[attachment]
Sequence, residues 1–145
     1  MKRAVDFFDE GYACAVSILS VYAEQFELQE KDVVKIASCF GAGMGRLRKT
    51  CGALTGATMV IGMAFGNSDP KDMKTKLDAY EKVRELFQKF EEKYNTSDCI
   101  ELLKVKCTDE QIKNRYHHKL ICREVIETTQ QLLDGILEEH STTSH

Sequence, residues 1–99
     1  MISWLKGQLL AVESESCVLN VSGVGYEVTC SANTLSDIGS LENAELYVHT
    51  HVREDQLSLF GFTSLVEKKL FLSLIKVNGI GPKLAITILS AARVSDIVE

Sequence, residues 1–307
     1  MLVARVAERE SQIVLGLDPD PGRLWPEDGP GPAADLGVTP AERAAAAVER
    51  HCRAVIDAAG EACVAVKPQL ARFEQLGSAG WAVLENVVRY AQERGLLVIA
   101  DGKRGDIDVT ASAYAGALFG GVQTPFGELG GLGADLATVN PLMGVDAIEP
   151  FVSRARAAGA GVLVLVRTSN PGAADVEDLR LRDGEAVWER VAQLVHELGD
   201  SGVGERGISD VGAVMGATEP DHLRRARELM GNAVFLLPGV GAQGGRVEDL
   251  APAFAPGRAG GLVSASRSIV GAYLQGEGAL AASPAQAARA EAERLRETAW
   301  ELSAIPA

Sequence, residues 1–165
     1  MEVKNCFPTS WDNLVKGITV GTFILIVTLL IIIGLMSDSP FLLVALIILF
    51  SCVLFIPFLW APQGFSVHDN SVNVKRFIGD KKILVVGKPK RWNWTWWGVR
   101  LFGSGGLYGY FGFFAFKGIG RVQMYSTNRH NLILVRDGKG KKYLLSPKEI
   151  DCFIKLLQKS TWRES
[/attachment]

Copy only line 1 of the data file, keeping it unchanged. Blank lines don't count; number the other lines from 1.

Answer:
Sequence, residues 1–145